Open Formats

AusGOAL recommends the use of 'open formats'.  An open format is a specification for storing and manipulating content, that is usually maintained by a standards organisation.  In contrast, a proprietary format is usually maintained by a company, with a view to exploiting the format by incorporating it into other products they sell, such as software.  Open formats are critical to the effectiveness of the 'open access' concept. Information and data published using an open format ensures that users, regardless of their operating system or platform will be able to access information.  

Some Examples of Open Formats

 

Multimedia

  • JPEG 2000 – an image format standardised by ISO/IEC
  • Ogg, container for VorbisFLACSpeex (audio formats) & Theora (a video format)
  • PNG – a raster image format standardised by ISO/IEC
  • SVG – a vector image format standardised by W3C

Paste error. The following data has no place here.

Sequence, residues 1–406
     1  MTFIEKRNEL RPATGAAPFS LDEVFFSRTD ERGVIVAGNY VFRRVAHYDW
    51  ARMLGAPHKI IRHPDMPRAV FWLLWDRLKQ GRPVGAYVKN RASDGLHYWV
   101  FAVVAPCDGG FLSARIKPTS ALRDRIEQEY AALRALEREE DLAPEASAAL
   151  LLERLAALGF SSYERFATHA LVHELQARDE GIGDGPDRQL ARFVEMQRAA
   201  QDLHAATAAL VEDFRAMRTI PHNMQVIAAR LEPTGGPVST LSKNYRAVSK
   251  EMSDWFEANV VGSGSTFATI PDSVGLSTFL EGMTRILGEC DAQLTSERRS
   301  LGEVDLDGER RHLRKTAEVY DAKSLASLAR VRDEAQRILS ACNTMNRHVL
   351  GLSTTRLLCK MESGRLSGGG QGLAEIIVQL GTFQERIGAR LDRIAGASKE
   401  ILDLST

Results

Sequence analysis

• VRML/X3D – real time 3D data formats standardised by ISO/IEC

Text

  • ASCII - a plain text file
  • Office Open XML - a formatted text format
  • OpenDocument v1.0 - a formatted text format
  • PDF - open standard for documents exchange. PDF started as a proprietary standard, but was later submitted through standardisation
  • UTF-8 - text encoding with support for all common languages and scripts

Geospatial

  • KML - KML started as a proprietary standard, but was later submitted through standardisation with the Open Geospatial Consortium
  • WMS -  Web Map Service - a protocol that allows georeferenced map images to be served over the Internet
  • WFS - Web Feature Service - Allows requests for geograhical features to be drawn across the Internet 

Archiving and compression

  • tar - for archiving
  • ZIP - for both archiving and compression; the base format is in the public domain, but newer versions have some patented features

Other